By Joseph Tanfani and Seema Mehta, Tribune Washington Bureau (TNS)
Long before Ben Carson jumped into the presidential race, some of his biggest fans were scouring the country for supporters.
They set up a super PAC and began a mail campaign, eventually attracting thousands who signed up and gave money.
When Carson actually got around to running, those names jump-started his early fundraising, according to John Philip Sousa IV, great-grandson of the composer and chairman of the 2016 Committee, a super PAC backing Carson.
“It was that list that launched his campaign,” Sousa said.
The power of super PACs was unleashed by a series of Supreme Court decisions dating to 1976, including Citizens United in 2010, that opened the door to unlimited contributions to political groups — so long as they didn’t coordinate with campaigns.
This presidential cycle, that rule is being stretched like never before, as super PACs shadow candidates and take on roles once reserved for the campaign organizations themselves — even staging campaign rallies.
Many of the super PACs and the campaigns are run by a revolving door of close friends and staffers, ensuring that the two sides share a common playbook even when they avoid tripping over the vague Federal Election Commission rules banning coordination.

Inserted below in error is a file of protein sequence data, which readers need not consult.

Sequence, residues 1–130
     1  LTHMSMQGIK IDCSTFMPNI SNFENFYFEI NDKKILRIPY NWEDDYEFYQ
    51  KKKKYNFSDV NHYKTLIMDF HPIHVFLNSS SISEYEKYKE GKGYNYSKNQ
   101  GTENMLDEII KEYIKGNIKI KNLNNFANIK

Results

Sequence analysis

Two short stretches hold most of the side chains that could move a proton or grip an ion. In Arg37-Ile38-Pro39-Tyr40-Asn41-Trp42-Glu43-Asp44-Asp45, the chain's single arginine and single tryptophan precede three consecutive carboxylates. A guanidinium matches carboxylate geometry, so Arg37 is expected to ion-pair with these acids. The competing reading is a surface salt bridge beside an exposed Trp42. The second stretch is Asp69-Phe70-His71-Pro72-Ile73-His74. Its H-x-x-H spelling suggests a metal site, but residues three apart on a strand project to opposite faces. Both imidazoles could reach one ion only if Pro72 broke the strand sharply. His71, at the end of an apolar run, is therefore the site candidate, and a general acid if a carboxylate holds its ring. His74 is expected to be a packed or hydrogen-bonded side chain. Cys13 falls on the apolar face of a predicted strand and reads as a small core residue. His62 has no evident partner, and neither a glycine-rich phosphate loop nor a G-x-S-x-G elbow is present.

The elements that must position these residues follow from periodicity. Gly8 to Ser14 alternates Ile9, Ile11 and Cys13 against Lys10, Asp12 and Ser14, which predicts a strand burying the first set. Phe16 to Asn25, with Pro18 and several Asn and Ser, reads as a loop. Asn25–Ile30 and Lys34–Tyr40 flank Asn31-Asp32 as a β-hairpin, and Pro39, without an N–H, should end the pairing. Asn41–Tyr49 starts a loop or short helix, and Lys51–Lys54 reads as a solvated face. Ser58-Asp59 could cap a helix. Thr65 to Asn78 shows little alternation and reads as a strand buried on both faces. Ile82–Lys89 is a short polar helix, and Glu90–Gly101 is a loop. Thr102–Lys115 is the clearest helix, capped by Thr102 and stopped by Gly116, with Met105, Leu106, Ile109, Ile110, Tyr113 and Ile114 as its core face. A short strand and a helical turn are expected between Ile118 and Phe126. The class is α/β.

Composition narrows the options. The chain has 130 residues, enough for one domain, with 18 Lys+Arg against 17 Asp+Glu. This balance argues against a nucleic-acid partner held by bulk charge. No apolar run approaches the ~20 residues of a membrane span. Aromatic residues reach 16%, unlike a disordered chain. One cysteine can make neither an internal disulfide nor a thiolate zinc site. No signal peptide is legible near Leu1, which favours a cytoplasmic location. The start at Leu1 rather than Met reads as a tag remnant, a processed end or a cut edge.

One Democratic commissioner at the FEC said that she is “very concerned” about the growing influence of super PACs and frustrated about the inability of her agency to do anything about it.
“These super PACS are more and more operating as arms of the campaigns,” said Ellen Weintraub, a former campaign finance lawyer. “I just find it hard to reconcile the notion that there’s no potential for corruption with super PACs raising and spending unlimited amounts of money.”
She said it was not surprising that campaigns and their allies were pushing the boundaries because the three Republican commissioners had blocked any attempt to write rules to limit super PACs.
“Our inaction is feeding a culture out there that says political actors don’t really have to abide by the rules, because if they don’t, nothing is going to happen,” she said.